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First Lander is Up!

August 23, 2013
furu with lander

Furu is all smiles as the first lander is recovered.

“Wow! How cool is this!” exclaimed Dacia on the port bow after watching the bright yellow marker buoy pop up, followed by a roaring cheer as the flag on the lander broke the surface. After getting up at 5:30 am, she admits she had been thinking that she had no idea what to look for, and how was she supposed to spot the lander? She started looking for something out of the ordinary, something that was not supposed to be there. When she saw the yellow floats she knew she was looking at the right thing.

getting the lander on deck

It took teamwork, a great ship’s crew and an A-frame to get the lander on deck.

Retrieving the lander was an example of perfectly orchestrated teamwork; the ship steamed alongside the lander and its buoy. One of the techs threw a grappling hook towards the line between the buoy and lander. After snagging the line, it was pulled on board. The buoy was lifted on deck, the line was run through the winch, and then the lander was brought on board. It took the coordinated efforts of the ship’s crew and science team for this successful recovery.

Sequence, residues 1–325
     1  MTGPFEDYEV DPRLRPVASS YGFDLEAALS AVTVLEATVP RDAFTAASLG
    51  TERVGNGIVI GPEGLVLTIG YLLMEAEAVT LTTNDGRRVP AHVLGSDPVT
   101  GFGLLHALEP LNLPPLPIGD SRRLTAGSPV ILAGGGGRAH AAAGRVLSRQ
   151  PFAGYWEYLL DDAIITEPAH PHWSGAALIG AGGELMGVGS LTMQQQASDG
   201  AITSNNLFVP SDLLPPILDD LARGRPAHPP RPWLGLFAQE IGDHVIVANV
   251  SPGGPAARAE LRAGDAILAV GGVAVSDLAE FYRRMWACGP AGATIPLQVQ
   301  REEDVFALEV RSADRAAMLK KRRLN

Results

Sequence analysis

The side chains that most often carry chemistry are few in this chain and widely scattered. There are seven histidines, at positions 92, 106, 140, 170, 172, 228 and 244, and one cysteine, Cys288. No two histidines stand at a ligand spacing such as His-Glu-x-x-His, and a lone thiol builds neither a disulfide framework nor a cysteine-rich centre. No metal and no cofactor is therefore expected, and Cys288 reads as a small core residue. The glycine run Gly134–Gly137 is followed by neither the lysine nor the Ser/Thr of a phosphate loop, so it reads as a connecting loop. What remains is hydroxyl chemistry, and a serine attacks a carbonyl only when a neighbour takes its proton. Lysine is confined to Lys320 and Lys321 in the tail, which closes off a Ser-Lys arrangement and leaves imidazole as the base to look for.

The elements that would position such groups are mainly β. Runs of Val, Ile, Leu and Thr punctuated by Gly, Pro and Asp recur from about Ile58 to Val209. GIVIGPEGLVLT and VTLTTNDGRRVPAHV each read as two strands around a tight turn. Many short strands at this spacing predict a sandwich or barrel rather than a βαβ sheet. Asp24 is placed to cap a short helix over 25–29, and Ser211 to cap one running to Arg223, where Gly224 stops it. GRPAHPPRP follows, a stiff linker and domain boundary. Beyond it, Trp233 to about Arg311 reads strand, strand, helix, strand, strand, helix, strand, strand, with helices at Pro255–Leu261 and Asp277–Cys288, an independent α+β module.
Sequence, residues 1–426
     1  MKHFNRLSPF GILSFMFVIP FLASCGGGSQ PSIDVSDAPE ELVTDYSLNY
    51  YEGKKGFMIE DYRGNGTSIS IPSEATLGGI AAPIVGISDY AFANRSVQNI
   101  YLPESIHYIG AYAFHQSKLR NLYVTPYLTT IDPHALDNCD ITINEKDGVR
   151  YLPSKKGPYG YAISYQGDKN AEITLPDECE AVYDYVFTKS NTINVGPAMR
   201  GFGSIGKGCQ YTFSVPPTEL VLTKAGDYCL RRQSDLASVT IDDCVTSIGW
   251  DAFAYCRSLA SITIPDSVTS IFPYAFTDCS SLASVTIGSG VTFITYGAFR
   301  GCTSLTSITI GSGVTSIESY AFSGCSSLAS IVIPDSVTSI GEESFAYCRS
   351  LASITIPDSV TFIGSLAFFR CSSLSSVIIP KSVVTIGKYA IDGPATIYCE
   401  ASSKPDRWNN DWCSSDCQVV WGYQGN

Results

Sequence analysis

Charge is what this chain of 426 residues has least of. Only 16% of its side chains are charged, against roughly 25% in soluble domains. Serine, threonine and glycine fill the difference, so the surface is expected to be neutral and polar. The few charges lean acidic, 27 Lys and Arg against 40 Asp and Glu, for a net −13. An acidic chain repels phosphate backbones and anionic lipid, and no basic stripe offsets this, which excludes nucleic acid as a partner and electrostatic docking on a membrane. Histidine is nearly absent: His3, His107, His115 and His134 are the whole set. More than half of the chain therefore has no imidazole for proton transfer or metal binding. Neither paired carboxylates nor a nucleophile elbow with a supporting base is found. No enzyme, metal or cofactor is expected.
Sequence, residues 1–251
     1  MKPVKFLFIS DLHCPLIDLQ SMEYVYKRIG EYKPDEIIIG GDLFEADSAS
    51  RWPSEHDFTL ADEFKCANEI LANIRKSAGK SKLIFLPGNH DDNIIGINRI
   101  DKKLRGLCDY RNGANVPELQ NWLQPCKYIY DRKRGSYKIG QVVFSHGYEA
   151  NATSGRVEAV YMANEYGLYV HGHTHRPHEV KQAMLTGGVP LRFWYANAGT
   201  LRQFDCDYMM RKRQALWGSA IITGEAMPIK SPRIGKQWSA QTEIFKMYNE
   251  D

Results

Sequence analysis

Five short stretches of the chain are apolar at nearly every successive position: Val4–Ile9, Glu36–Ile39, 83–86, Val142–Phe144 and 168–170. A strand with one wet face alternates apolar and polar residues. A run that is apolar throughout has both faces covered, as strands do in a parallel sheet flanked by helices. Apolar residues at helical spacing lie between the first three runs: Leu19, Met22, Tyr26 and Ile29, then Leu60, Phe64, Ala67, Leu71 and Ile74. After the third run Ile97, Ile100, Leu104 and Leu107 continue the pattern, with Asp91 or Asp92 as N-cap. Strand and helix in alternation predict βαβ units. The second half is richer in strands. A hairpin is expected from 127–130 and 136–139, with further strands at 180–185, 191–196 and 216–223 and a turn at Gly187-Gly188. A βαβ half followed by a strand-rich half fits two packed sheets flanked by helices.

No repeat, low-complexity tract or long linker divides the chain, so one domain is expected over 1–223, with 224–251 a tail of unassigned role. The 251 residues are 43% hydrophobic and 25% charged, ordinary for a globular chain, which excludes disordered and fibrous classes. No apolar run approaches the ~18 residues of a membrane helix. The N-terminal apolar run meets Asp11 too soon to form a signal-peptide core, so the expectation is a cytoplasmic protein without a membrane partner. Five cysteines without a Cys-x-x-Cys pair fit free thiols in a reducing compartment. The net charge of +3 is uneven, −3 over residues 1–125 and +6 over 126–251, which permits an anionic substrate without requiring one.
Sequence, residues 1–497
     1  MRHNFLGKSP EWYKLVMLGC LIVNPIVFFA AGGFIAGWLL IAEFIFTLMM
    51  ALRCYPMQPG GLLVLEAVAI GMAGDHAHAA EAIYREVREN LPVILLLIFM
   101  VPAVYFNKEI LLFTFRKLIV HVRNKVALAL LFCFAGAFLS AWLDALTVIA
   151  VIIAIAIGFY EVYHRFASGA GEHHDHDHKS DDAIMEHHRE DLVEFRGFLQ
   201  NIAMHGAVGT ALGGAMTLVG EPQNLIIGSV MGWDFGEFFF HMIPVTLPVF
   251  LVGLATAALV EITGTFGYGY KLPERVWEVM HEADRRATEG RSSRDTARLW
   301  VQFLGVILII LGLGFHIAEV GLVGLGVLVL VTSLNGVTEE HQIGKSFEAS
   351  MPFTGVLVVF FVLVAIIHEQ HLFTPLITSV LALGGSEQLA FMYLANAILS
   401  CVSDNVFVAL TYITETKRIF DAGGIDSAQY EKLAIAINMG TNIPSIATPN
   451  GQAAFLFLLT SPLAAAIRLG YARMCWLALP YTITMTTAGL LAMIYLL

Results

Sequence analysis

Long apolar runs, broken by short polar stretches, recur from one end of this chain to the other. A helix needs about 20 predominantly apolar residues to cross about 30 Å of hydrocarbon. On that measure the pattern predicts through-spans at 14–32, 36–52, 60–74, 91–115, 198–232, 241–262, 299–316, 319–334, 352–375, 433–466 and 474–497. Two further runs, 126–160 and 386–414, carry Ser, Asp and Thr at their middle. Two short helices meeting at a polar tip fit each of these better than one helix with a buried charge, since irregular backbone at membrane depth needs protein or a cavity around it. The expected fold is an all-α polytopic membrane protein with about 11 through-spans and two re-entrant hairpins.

When asked about the lander, Dacia said “It was not what I thought it was going to be. I thought there was going to be more equipment on it based on the size of the cage frame. There was a big huge anemone on one of the legs, which made me wonder what might be living in the little yellow flotation devices around the top. I was very interested to know what kind of data it might have stored on it.”